The exposure draft contained five schedules. Essentially, Schedules 2 to 5 dealt with family law and, as mentioned earlier, now appear in largely unamended form as Schedules 1 to 4 of the current Bill.

Schedule 1 of the exposure draft was of general application (that is, it was not restricted to family law matters) and drew much public criticism.(5) It was designed to address the issue of high income earning professionals who use bankruptcy as a means of avoiding their liabilities while continuing to enjoy and use assets held in the name of a related third party (including spouses and service companies). However, the exposure draft did not refer specifically to such persons consequently the provisions might have applied to other persons who legitimately structured their affairs to protect family assets (for example, by setting up a family trust) or those persons who legitimately transferred property to third parties at less than market value at any time within 10 years of their bankruptcy (for example, farmers who transferred all or part of their farms to family members instead of paying wages).

Essentially, Schedule 1 of the exposure draft sought to amend Division 4A of Part VI of the Bankruptcy Act, which deals with court orders in relation to property (assets) owned by an entity controlled by a bankrupt. It sought to permit trustees in bankruptcy to recover property acquired by third parties using funds or property provided by the bankrupt where the bankrupt has used or derived a benefit from those assets .(6) It relied heavily on the new concepts of tainted purpose , tainted property and tainted money , and also reversed the onus of proof by requiring the party that received the property to prove that the transfer was not made to defeat the interests of creditors.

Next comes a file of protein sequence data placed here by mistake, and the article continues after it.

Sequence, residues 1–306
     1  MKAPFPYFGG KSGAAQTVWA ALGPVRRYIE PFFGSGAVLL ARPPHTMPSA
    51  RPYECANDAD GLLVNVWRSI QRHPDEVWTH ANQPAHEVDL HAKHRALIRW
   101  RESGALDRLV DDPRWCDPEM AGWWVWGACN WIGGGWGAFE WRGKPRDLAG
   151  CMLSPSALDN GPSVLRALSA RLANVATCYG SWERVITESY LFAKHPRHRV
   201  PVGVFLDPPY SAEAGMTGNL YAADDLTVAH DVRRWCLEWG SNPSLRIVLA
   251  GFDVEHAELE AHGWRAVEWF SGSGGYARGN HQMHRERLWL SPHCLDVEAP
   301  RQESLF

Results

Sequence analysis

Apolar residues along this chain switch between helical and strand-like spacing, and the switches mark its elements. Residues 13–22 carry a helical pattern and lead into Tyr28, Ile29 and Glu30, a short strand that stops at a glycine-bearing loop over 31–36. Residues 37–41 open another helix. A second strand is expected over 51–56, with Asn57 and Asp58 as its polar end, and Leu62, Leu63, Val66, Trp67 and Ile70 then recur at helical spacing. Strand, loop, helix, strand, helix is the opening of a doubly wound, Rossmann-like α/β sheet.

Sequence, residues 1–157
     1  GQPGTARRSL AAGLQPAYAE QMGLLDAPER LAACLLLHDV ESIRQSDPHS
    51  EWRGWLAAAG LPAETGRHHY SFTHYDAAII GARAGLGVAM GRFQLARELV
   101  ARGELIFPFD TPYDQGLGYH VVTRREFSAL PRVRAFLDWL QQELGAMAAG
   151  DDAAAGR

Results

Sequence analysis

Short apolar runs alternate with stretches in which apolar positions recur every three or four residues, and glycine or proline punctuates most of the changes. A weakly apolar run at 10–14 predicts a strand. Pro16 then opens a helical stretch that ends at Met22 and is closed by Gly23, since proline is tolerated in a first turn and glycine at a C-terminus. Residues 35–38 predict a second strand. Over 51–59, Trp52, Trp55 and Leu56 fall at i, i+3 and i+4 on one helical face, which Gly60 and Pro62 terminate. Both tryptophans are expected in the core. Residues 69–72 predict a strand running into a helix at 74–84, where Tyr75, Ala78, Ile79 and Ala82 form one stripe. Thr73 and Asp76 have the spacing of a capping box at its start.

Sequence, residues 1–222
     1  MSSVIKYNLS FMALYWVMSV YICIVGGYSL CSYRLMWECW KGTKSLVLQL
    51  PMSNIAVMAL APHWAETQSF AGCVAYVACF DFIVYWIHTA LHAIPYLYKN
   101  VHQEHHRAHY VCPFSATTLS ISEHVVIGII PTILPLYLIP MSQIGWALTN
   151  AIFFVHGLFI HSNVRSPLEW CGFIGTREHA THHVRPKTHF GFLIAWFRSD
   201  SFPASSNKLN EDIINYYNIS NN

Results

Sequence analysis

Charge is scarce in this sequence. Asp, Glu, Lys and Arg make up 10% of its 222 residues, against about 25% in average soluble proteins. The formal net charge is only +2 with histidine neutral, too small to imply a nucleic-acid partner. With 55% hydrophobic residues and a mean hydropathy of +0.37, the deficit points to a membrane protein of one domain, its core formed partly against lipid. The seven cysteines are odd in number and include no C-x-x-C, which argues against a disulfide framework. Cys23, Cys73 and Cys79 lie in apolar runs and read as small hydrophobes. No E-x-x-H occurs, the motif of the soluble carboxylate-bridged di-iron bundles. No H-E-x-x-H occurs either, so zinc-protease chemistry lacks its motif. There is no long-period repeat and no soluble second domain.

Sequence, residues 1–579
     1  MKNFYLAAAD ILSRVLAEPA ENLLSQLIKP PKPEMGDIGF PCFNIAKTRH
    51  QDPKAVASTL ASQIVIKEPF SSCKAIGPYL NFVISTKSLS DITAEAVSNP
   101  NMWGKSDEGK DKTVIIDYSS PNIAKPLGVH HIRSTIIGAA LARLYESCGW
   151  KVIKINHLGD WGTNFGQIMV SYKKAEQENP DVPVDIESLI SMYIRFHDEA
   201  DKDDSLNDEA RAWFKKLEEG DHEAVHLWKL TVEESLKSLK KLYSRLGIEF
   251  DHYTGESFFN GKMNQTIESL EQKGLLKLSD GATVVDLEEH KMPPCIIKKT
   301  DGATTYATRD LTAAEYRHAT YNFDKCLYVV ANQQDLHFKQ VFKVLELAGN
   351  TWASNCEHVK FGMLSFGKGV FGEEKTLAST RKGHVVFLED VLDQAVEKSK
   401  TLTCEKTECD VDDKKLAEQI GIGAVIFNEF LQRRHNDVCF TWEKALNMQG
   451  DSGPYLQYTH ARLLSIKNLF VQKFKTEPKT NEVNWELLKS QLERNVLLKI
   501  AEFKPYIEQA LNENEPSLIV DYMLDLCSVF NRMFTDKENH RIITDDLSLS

The Committee recommended that the amendments contained in Schedule 1 of the exposure draft be abandoned, and that Insolvency and Trustee Service Australia and the Attorney-General s Department undertake fresh consultation with the Bankruptcy Reform Consultative Forum with a view to strengthening the current clawback provisions in the Act (sections 120 and 121 in particular) .(7)